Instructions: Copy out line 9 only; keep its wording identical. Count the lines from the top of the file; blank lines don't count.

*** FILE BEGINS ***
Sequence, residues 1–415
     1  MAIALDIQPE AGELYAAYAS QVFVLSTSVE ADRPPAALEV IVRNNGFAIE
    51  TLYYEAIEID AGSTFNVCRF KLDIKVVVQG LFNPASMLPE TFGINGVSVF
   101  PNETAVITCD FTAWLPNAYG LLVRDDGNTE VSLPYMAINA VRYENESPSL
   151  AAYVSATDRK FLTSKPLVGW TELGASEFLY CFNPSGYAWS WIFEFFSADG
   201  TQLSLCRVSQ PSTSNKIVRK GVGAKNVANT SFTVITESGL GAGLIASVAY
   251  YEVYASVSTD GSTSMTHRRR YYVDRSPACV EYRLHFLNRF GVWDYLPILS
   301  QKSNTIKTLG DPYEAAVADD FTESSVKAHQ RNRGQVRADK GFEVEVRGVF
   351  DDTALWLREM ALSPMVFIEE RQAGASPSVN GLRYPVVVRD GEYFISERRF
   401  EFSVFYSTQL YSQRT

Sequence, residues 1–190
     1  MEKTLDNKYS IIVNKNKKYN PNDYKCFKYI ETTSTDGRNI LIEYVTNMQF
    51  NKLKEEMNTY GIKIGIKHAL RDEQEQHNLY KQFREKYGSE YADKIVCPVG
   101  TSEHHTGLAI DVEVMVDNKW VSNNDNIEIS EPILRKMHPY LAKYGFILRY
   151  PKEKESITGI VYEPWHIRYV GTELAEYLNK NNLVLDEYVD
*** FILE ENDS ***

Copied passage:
   351  DDTALWLREM ALSPMVFIEE RQAGASPSVN GLRYPVVVRD GEYFISERRF